The UNC “Silent Sam” Confederate Statue May End Up In A Brand New Building

Sara D. Davis/Getty Images News/Getty Images

When protesters toppled a Confederate statue known as Silent Sam at the University of North Carolina's Chapel Hill campus last August, they'd hoped it would be the end of the statue's presence on campus. But Silent Sam may rise again following a recommendation from the university's board of trustees. Chapel Hill officials recommended Silent Sam be re-erected indoors in a new on-campus building designed to preserve the university's history.

Although university officials told The News And Observer that their first preference was to move the school's Silent Sam statue to a location off campus, UNC Chancellor Carol Folt said that state law prohibited them from doing so. Instead, UNC-Chapel Hill's Board of Trustees voted Monday to pass a recommendation for a new building to be erected on campus that can house Silent Sam as part of a display on the university's history.

According to The News And Observer, Chapel Hill officials recommended the building be built somewhere near where the Odom Village Apartments are currently being torn down. But Silent Sam's new recommended home wouldn't exactly come cheap. According to the paper, construction of the new building is estimated to cost $5.3 million. Another $800,000 was estimated to be needed annually for the new building's operating costs.

Sara D. Davis/Getty Images News/Getty Images

Not everyone was pleased with the Board of Trustees' recommendation. Student body president Savannah Putnam told The News And Observer the statue "does not belong" on campus and thus she did not support a recommendation that allowed it to remain, albeit in a different location.

Hundreds of faculty members have also urged university officials not to return Silent Sam to a position of "prominence" on campus. "We have witnessed a monument that represents white supremacy in both the past and present be venerated and protected at the same time that we have been asked to serve as examples of diversity and inclusion," a letter published in September by the university's black faculty members read. "That is a demoralizing burden."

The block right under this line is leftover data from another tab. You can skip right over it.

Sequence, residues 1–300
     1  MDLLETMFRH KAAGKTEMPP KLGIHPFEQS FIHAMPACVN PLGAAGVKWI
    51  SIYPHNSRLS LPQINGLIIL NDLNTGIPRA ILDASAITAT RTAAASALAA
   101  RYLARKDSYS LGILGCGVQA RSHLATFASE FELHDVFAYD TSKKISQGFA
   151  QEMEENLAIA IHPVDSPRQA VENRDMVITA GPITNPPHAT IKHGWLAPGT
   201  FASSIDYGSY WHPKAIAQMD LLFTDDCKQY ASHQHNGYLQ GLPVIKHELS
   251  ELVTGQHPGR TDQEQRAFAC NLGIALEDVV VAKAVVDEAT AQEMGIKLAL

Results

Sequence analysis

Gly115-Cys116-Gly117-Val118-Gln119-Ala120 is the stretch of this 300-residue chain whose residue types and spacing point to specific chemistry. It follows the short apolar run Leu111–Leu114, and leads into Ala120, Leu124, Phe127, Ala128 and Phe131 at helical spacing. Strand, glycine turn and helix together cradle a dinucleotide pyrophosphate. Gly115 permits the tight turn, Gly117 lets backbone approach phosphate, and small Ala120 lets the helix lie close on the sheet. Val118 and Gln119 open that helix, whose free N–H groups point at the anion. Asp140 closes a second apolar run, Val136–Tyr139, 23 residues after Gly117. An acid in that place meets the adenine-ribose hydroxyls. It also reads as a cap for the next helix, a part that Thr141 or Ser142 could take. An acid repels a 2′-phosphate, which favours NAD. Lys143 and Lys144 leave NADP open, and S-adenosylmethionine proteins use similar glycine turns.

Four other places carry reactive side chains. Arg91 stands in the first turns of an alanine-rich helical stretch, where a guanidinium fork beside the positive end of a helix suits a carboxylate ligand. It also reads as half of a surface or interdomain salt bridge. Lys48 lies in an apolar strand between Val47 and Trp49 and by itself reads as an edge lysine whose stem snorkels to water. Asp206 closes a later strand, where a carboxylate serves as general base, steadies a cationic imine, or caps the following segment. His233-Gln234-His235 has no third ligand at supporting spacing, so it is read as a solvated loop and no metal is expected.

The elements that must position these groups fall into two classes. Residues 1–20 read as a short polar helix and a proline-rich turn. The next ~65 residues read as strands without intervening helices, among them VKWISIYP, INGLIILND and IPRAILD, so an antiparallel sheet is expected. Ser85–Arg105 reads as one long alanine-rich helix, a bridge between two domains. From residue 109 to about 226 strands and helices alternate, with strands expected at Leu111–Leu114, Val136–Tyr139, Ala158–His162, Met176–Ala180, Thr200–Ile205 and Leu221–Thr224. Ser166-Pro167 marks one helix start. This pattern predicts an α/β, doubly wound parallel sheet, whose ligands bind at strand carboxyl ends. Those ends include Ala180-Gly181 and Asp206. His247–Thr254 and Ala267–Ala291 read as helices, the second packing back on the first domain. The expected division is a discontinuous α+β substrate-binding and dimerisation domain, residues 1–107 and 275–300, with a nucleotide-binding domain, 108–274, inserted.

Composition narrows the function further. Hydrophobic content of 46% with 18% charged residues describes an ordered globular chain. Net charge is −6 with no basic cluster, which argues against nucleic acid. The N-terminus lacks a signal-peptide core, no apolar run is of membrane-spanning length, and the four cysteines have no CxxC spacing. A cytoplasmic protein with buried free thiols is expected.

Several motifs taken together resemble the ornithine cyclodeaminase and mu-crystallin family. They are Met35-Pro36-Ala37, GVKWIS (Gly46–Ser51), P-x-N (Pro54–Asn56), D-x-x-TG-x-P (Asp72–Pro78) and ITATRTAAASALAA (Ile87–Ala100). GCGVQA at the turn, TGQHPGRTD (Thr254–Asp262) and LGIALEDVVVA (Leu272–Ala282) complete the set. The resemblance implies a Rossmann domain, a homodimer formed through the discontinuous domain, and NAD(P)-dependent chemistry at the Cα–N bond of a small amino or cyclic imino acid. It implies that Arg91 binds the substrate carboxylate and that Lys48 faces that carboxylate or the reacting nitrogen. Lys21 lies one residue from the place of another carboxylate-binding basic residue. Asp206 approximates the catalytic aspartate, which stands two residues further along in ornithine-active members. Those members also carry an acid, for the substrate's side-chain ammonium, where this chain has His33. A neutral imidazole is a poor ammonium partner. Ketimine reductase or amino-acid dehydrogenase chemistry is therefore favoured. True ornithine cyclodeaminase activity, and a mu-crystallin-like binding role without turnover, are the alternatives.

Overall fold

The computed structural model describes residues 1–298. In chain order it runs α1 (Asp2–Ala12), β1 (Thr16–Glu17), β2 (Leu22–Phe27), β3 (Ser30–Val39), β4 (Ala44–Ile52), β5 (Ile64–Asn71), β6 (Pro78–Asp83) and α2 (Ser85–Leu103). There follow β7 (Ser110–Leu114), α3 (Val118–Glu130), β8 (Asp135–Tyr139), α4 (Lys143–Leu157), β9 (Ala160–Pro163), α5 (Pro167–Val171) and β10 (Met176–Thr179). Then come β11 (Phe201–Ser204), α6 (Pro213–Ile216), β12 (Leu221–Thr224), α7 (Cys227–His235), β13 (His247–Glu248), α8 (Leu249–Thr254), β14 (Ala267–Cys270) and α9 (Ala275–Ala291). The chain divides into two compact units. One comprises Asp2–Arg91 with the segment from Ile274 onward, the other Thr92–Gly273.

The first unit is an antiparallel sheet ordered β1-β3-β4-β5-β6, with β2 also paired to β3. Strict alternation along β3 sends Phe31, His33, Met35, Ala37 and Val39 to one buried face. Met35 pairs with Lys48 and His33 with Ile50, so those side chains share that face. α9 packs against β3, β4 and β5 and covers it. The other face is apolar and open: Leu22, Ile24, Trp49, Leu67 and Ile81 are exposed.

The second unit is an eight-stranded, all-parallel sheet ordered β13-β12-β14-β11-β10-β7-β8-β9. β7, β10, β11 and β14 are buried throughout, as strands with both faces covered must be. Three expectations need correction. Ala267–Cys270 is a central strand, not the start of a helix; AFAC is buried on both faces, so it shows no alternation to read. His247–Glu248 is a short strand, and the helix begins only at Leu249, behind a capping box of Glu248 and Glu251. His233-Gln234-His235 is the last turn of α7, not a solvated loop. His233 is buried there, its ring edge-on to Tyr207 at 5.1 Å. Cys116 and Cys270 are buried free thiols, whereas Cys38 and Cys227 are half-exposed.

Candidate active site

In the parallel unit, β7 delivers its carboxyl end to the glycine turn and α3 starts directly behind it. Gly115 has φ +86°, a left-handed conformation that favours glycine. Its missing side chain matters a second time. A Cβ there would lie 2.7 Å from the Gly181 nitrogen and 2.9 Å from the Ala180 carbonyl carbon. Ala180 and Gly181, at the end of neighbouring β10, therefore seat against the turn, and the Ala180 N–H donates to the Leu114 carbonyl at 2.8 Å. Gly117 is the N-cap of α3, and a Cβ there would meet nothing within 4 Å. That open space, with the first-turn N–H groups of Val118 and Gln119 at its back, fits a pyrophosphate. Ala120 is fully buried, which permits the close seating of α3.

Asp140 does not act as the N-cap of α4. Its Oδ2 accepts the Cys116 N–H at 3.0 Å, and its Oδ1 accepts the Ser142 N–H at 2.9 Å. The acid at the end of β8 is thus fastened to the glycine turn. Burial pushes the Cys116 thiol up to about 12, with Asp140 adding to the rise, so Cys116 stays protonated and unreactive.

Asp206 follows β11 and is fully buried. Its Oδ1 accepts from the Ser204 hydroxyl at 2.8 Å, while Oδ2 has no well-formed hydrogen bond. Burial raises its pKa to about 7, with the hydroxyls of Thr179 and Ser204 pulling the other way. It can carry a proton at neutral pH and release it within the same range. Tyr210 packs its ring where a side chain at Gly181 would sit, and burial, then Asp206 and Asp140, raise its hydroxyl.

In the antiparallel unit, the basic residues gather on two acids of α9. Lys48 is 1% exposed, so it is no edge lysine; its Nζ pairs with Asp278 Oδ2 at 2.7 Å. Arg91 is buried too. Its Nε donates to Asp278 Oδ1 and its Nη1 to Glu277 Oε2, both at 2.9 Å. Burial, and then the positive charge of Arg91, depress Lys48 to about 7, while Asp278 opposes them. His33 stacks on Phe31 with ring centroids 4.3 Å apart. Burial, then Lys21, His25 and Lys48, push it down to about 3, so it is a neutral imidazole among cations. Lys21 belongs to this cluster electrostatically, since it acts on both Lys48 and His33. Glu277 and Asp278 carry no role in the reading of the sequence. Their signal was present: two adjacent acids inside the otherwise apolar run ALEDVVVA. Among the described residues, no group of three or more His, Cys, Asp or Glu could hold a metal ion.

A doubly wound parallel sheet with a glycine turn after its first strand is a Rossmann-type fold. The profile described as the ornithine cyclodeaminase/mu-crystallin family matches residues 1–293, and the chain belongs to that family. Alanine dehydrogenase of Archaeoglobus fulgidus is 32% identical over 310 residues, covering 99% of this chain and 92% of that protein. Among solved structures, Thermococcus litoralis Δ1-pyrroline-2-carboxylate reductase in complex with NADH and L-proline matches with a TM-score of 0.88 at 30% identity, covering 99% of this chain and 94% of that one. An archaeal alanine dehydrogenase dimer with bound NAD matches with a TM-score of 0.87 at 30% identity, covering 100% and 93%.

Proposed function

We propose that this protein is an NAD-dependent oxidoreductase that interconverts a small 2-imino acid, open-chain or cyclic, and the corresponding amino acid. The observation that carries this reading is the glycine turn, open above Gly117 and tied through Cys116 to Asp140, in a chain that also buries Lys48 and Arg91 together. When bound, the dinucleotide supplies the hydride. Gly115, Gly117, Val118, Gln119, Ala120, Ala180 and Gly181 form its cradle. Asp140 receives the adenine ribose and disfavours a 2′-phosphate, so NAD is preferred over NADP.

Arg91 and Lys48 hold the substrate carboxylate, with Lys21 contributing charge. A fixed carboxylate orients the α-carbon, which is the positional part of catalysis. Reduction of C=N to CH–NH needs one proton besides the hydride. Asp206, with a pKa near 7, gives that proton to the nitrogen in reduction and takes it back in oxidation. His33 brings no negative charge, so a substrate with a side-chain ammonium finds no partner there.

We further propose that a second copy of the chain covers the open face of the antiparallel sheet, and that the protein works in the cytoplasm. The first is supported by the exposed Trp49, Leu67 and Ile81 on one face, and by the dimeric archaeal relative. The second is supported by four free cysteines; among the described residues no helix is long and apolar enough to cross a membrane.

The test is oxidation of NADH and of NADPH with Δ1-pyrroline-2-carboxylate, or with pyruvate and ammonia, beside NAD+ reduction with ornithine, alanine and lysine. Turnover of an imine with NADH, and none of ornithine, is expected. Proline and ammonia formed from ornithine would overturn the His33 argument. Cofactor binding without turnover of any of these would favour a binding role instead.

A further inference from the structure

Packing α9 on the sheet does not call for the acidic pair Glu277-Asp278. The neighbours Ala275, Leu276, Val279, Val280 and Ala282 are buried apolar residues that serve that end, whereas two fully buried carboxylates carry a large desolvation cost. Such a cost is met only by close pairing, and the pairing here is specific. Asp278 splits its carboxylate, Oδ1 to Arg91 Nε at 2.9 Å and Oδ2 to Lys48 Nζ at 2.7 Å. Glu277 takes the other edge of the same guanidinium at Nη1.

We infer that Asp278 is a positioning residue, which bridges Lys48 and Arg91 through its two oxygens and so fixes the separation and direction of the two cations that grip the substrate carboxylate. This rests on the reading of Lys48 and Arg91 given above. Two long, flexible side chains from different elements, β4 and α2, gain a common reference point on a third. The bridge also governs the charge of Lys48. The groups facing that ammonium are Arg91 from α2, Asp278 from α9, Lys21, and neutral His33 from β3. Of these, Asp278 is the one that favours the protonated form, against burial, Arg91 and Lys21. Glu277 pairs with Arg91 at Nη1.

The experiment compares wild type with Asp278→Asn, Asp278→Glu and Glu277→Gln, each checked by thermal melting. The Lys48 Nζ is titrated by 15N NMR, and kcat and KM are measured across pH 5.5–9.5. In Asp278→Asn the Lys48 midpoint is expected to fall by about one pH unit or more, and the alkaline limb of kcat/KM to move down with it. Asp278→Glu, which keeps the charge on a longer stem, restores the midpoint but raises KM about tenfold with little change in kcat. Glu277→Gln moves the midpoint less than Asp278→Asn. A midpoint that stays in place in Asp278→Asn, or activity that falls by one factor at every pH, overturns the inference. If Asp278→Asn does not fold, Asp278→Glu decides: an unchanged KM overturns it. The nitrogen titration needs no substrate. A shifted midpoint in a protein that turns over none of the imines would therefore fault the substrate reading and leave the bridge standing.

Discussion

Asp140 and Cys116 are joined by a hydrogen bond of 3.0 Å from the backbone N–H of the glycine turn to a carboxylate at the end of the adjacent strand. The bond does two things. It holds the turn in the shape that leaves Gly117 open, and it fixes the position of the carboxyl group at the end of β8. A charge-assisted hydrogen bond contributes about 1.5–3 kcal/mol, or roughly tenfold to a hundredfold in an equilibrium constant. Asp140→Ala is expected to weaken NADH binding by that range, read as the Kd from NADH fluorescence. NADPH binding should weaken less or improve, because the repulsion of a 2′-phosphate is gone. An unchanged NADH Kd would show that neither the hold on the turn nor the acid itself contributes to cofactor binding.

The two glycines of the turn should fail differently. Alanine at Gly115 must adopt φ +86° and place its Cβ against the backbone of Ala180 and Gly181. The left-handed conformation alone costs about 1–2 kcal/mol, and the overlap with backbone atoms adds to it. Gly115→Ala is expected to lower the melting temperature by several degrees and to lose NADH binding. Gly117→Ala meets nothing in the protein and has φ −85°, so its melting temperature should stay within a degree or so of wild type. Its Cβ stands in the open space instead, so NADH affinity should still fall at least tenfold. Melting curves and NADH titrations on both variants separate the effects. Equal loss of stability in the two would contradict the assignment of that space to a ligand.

Silent Sam's origin story is indeed one steeped in racism and controversy. According to CNN, the statue was erected at the entrance to UNC-Chapel Hill in 1913 after the United Daughters of the Confederacy requested it as a means of remembering the "sons of the University" who died fighting in the Civil War. At its dedication ceremony, Civil War veteran Julian Shakespeare Carr reportedly credited the Confederacy with "[saving] the very life of the Anglo Saxon race in the South," CNN reported UNC's archives noted.

Last year, faculty within the university's department of history claimed the Silent Sam statue was, "from its inception ... exclusionary," offering "a highly selective interpretation of the nation's history" in a statement adopted by the department. Shortly after protesters toppled Silent Sam in August, the department wrote to UNC's chancellor to urge university officials not to re-erect the monument.

"Now that Silent Sam has been removed from his pedestal on our campus, let him remain on the ground," their letter read. "He should be displayed as a contextualized, historical artifact within an appropriate educational space, not in a position of honor. The monument is undeniably a part of UNC's past, but he no longer needs to be part of UNC's future."

UNC's Board of Trustees will now pass their recommendation on to the university system's board of governors, who are expected to make the final decision on Silent Sam's fate later this month.